Crowders Mountain pulls the plug

Crowders Lake
Tyler Gilkerson, age 12, from Shelby is reflected in the lake at Crowders Mountain State Park on Sunday July 20, 2008. The next day the lake was closed to the public as work began to drain the man-made lake in order to make much needed repairs to the drain pipe that runs through the dam. Park rangers estimate that the repairs will keep the lake closed for two months.

Crowders Mountain State Park is pulling the plug on the nine acre, man-made lake that sits between the park’s visitor center and picnic areas. Well, not literally--the actually process is a little more involved.

The lake area and the roughly nine-tenths of a mile trail circling it were closed to the public on Monday July 21 when work began on a project to repair the aging drain pipe. The work is being contracted out by the park to a private company, and according to park staff should keep the lake area closed for roughly two months.

Workers Monday laid a 10 inch pipe from the bottom of the lake running across the top of the dam and down to the creek below. The pipe works as a siphon; a gas-powered pump was used to get water flowing initially, but gravity is taking it from there.

According to park ranger Glen George, the 10 inch pipe will drain the lake at a rate of about a foot per day, barring any heavy rains that may slow the process.

With the lake filling with sediment and the drain pipe rusting and clogged, the park has talked been repairing the drain for several years. Though the current drought conditions have kept the lake level low as of late, concerns were raised some four years ago when heavy storms caused the lake to flood.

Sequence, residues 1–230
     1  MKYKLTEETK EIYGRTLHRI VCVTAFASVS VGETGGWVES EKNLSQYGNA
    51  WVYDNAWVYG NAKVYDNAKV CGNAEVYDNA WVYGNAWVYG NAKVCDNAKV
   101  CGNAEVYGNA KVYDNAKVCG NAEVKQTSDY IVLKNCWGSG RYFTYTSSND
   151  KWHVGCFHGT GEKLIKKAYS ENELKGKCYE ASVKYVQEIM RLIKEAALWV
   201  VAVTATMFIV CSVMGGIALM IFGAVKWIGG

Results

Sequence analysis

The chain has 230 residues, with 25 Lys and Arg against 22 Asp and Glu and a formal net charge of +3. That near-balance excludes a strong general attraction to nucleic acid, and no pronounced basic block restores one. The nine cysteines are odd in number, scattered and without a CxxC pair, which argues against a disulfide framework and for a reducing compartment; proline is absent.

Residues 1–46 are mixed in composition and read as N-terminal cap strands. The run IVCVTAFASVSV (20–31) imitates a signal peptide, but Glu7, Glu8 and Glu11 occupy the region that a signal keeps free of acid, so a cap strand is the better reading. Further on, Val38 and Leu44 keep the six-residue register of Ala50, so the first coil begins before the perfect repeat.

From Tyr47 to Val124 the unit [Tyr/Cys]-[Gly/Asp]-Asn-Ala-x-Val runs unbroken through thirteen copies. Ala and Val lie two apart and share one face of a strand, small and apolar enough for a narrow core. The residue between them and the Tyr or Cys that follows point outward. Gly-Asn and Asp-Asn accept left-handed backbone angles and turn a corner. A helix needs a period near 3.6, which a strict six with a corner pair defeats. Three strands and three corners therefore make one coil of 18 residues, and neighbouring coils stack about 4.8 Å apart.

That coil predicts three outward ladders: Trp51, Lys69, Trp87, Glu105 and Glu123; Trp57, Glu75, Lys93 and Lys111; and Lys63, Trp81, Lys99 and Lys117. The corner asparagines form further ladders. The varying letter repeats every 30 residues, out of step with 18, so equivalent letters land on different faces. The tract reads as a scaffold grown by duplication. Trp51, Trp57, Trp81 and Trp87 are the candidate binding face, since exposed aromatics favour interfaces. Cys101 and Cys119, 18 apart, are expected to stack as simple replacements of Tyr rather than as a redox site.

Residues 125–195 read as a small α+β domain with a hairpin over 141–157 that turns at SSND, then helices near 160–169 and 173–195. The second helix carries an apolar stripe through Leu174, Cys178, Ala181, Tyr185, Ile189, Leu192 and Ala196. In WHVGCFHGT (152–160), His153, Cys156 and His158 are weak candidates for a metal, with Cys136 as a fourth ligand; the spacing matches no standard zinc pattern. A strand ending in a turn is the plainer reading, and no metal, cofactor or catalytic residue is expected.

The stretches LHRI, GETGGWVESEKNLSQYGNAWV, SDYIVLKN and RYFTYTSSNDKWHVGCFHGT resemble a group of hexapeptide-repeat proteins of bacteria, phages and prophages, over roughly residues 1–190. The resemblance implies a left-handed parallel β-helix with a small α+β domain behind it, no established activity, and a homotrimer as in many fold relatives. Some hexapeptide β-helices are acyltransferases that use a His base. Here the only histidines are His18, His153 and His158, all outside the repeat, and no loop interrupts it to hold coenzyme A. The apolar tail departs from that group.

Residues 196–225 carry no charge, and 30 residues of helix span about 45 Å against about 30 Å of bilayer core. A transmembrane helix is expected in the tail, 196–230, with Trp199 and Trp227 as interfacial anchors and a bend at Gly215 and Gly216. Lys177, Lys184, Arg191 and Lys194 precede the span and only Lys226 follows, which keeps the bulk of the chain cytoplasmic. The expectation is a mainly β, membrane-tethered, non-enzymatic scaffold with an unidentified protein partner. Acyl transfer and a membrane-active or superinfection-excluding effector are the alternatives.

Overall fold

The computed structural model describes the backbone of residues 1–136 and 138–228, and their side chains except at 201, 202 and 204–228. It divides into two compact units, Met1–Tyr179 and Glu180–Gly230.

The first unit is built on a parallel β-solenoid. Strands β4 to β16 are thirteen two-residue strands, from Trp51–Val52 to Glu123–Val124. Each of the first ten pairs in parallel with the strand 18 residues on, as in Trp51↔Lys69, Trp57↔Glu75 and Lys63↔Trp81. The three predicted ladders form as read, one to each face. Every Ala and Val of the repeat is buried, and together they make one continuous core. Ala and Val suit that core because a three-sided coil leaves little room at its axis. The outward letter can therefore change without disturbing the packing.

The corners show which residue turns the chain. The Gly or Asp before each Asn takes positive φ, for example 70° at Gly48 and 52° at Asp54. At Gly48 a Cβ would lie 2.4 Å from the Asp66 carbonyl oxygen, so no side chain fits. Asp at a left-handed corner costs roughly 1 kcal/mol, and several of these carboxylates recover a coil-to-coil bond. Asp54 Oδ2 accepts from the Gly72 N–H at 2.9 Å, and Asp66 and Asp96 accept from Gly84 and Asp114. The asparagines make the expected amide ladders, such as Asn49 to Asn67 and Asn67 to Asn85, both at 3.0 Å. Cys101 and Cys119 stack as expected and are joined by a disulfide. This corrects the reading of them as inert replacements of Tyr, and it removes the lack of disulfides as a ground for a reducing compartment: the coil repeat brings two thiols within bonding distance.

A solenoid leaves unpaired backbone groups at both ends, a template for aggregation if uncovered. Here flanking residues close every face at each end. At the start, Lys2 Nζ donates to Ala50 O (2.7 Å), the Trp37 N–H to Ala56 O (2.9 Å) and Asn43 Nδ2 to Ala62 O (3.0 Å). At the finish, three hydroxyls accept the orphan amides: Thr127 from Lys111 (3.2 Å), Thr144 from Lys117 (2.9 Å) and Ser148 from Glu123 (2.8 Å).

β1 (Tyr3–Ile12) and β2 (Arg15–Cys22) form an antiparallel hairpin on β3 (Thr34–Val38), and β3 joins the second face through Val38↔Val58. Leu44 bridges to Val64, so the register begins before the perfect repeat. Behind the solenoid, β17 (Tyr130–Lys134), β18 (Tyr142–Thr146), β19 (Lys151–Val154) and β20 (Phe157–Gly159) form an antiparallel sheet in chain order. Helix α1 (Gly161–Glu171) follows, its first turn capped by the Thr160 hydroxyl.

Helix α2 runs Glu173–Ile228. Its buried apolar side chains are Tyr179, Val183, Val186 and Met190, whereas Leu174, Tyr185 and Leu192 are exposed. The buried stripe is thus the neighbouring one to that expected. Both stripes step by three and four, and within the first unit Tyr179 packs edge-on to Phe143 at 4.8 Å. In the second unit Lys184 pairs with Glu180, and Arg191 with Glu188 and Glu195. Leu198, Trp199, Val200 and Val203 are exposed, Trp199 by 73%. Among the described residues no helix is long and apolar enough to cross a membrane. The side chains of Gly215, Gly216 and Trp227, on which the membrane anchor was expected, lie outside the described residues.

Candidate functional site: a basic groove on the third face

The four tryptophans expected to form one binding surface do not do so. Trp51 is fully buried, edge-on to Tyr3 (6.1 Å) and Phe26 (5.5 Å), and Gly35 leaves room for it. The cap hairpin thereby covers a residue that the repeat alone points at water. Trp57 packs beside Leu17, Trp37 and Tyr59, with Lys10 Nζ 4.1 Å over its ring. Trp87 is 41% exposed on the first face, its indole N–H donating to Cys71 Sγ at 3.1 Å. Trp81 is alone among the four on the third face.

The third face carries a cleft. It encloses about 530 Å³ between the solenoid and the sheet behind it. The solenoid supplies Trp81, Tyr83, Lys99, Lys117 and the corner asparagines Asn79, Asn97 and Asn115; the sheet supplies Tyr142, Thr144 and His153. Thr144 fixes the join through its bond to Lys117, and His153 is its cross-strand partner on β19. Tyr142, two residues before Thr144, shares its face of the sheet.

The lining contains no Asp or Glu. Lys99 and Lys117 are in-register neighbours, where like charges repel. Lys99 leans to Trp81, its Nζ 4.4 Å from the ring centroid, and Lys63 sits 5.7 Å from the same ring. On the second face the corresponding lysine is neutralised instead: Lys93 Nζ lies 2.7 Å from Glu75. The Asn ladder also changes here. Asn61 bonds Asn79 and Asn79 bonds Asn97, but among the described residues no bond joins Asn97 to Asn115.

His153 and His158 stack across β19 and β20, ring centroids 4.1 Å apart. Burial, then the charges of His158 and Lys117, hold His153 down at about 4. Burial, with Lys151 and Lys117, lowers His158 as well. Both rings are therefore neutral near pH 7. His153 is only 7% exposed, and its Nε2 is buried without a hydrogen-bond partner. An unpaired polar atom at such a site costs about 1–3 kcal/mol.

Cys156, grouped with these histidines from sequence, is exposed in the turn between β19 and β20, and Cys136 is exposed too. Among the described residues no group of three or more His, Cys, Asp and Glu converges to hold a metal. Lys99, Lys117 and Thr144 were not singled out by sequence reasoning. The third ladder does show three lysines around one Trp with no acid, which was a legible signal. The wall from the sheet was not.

Shortly thereafter the park inspected the drain using remote cameras. An attempt was made to dislodge debris clogging the pipe with high pressure water from a pump truck, but the effort proved unsuccessfull.

Budget issues prevented the park from taking any further action until now, but park staff expect the work underway now to remedy the problem for some time.

The drain consists of two corrugated metal pipes; a horizontal 12” pipe leading through the base of the earthen dam and a vertical pipe connecting this pipe to the surface of the lake on the front of the dam. Workers will excavate around the vertical pipe and replace it completely with a new one.

With the vertical pipe removed, workers will drive a smooth plastic liner through the horizontal pipe—a less costly measure than excavating the dam to replace this pipe. According to park ranger Daniel Tenney, the liner will decrease the diameter of the pipe, but will allow the water to flow much more smoothly while being less susceptible to clogs.

With the draining of the lake some wildlife will inevitably be harmed, but park rangers are looking to the bright side. The lake has long been plagued by invasive exotic species, and this project could offer clean slate where native species will be able to flourish once again in the absence of the invasives.

Check back here in coming weeks for updates on the repairs and a deeper investigation into the impact it will have on wildlife and the environment.

Right: A sign is seen at the intersection of the Fern Nature Trail and the Lake Trail at Crowders Mountain State Park on Thursday July 24, 2008.

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